Good ideas are hardly enough to be funded on Kickstarter. The projects have to prevail against hundreds and, above all, stand out. The Shivers did it - with a design feature that is rarely used: pop-ups.
The Shivers is a mixture of escape game, RPG and pop up scenery. The game impresses with its beautiful design, but the story and the fun must be convincing. There are already over 4.400 backers on Kickstarter hoping for this. Financing has already been secured, but there are still open stretch goals. The possibility to actively shape the game is particularly interesting. There will be PDF files for printing and designing. So you can bring your own character into play.
Quality is crucial
There will be a total of eight episodes, each filling about an hour of playing time. Like many Escape Games, the game can only be played once, otherwise you will already know the story and the puzzles. But since no material is destroyed here, you can pass it on to friends, wait for the next expansion or act as a GM.
The game is played with two to five players and the narrator who accompanies the players through the story. The Game Master can also adjust the difficulty. The game is recommended for ages 7 and up, on the one hand because of the material and on the other hand because of the RPG factor of the game. This is also the attraction for more experienced players. The Shivers builds on cooperation and storytelling.
Many people probably still know pop-ups from children's books in which dragons or castles were brought to life by the pop-up mechanics. But what you probably also remember is that you always had to handle these books with special care if you didn't want the dragon to fly wingless through the fairy tale landscape.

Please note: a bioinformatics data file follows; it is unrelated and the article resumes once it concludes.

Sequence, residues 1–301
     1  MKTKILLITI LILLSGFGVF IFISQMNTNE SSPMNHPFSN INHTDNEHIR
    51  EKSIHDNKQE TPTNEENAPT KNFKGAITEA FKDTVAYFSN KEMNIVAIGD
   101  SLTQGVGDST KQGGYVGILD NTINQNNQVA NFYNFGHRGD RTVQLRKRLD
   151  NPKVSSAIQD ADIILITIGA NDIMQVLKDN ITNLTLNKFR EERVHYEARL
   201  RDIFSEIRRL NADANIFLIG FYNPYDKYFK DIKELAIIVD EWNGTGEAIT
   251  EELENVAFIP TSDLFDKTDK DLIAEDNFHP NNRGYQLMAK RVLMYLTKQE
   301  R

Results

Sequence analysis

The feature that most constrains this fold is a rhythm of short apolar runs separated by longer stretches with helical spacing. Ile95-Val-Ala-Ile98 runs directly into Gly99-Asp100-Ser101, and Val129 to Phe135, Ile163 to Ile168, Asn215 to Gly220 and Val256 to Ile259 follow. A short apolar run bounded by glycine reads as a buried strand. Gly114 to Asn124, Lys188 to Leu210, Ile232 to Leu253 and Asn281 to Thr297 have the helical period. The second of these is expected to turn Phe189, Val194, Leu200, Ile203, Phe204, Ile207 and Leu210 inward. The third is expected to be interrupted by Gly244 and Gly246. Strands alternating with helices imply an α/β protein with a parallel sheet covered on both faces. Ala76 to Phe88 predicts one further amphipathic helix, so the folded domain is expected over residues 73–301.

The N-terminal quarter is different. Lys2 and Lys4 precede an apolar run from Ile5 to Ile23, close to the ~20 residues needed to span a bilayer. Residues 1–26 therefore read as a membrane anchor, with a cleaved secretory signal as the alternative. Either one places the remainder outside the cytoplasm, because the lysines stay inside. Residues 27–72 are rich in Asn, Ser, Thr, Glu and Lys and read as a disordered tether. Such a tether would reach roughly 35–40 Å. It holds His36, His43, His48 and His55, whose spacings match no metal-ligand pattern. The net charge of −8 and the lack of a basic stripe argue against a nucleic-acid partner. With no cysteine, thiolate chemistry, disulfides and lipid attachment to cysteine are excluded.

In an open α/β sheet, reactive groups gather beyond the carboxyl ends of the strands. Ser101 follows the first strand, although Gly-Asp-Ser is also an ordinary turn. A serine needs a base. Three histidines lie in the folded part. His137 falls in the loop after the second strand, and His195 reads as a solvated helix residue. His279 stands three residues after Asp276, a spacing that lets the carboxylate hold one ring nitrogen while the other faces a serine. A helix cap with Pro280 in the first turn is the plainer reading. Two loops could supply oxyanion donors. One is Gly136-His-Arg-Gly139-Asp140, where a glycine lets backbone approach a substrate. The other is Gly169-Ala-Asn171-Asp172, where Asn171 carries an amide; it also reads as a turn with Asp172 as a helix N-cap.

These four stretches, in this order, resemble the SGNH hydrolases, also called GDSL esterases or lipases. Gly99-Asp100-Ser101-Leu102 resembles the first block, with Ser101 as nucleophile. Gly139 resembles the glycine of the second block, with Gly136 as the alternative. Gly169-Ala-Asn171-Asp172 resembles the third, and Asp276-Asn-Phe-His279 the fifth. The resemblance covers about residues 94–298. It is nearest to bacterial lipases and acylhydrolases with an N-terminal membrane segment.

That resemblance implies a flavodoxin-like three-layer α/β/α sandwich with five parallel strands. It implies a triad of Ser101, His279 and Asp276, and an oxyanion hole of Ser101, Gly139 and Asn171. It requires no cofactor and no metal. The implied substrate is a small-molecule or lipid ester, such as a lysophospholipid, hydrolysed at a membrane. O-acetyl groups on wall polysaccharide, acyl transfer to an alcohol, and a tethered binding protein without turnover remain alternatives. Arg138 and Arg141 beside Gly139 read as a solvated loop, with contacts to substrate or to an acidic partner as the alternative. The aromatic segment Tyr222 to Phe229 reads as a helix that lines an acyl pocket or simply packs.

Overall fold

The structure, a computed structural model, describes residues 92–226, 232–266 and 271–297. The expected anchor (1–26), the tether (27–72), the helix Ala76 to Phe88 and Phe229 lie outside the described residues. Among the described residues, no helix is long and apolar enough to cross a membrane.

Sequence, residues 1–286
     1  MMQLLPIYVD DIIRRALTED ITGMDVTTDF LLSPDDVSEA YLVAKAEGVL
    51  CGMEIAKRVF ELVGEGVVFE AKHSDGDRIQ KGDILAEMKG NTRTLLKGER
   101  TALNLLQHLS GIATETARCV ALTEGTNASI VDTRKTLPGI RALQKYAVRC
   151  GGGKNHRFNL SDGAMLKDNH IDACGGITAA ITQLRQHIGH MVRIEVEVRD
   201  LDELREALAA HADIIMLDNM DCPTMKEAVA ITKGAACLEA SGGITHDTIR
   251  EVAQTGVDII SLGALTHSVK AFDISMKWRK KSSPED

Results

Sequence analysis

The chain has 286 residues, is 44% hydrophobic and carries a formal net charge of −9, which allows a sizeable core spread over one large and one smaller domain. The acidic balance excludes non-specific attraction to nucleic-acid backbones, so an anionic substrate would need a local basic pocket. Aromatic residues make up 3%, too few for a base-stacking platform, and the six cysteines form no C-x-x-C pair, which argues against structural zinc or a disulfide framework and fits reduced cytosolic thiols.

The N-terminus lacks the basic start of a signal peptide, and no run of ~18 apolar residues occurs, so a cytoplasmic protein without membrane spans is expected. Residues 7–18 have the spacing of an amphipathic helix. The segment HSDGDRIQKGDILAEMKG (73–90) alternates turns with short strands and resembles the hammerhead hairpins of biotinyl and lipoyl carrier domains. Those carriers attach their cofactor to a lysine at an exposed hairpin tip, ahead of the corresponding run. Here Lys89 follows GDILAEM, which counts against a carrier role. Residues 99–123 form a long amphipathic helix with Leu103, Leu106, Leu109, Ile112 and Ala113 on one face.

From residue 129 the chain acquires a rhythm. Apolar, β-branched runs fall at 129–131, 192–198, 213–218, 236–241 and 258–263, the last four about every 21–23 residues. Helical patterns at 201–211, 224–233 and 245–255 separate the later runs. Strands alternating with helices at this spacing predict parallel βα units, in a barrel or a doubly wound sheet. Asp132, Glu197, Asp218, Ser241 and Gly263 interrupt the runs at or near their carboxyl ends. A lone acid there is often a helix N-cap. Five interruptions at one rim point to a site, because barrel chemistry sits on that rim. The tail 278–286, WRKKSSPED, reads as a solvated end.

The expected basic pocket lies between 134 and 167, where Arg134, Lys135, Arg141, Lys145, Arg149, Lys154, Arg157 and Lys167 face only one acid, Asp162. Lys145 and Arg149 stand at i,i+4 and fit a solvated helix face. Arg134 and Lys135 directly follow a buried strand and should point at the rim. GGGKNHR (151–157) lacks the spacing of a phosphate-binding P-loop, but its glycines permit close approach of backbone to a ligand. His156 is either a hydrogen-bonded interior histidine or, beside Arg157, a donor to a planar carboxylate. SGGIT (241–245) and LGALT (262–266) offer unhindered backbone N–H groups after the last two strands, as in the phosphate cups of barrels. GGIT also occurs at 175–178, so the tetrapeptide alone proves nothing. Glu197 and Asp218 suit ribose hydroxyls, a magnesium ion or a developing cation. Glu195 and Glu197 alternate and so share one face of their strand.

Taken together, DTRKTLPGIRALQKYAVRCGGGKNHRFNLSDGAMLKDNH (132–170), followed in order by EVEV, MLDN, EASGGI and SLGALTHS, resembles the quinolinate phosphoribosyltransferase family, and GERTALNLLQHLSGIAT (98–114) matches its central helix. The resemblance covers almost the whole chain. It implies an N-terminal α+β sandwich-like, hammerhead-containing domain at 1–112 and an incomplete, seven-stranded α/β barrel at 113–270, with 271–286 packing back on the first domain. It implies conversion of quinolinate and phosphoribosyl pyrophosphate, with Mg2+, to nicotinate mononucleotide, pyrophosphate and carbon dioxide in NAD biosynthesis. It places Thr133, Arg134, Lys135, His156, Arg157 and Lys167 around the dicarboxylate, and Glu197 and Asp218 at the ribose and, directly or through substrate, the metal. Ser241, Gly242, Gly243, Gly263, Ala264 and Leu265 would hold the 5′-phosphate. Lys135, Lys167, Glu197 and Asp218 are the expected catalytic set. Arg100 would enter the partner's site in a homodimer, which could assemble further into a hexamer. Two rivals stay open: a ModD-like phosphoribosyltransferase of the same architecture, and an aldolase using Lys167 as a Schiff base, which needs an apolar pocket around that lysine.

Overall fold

But in a game, it is precisely these pop-up backdrops that are exposed to permanent use. With The Shivers even stronger than with other games in the category. Because behind hidden doors and in mysterious chests are the clues that are supposed to advance the game play. So that means frequent opening and closing of the various cardboard parts. The fear that the game will soon end up in the waste paper has its justification somewhere.
But Andy Logan, the author of The Shivers, promises durability and high-quality material so that this does not happen. It is assumed that you should play carefully anyway. The prototypes of the game are developed in collaboration with Renee Jablow. She is anchored in the pop-up industry and has already developed pop-ups for well-known industries such as Disney. That then increases expectations in terms of quality and durability.
The Shivers: And this is how it works
Before starting, each player chooses his character. The characters come with player boards that contain traits and background stories. However, these tableaus are also intended as notepads and can be written on. Several times with a marker. The players take turns in their moves and examine the room together.
Found objects can be noted for further use. Your character can move through the individual rooms, which are clicked together by magnets so that nothing slips. So you try to solve the riddle together. The game master leads the game by giving hints and telling you whether the actions taken will succeed or not. This is "rolled". The GM sees the clues and history on the back of the room, so he can keep track of things.
Until August 8th the Kickstarter campaign is still running and it looks like the other stretch goals can still be met.
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